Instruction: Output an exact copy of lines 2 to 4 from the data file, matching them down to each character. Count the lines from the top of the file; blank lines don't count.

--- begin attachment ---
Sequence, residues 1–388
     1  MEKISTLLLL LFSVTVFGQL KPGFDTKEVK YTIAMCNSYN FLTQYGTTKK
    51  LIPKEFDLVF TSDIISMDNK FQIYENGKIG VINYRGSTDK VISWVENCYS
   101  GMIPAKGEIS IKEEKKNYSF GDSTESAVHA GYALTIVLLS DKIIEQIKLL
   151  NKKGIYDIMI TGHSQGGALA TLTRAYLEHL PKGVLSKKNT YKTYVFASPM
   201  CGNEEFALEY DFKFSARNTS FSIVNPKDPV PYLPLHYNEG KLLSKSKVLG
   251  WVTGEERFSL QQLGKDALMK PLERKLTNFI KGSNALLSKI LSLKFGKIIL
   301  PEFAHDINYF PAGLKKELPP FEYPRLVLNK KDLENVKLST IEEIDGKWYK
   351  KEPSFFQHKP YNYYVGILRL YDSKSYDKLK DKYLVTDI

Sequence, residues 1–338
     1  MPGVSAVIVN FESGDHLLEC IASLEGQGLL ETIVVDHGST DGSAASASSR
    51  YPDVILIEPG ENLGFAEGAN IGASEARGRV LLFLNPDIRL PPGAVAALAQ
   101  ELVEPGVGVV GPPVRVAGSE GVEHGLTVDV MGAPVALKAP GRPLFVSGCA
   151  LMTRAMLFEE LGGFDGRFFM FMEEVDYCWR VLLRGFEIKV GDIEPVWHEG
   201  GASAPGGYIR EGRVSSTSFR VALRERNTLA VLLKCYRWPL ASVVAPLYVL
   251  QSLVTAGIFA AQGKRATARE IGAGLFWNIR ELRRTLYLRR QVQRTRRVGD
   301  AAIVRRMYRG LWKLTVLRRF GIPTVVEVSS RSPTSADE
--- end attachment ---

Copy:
     1  MEKISTLLLL LFSVTVFGQL KPGFDTKEVK YTIAMCNSYN FLTQYGTTKK
    51  LIPKEFDLVF TSDIISMDNK FQIYENGKIG VINYRGSTDK VISWVENCYS
   101  GMIPAKGEIS IKEEKKNYSF GDSTESAVHA GYALTIVLLS DKIIEQIKLL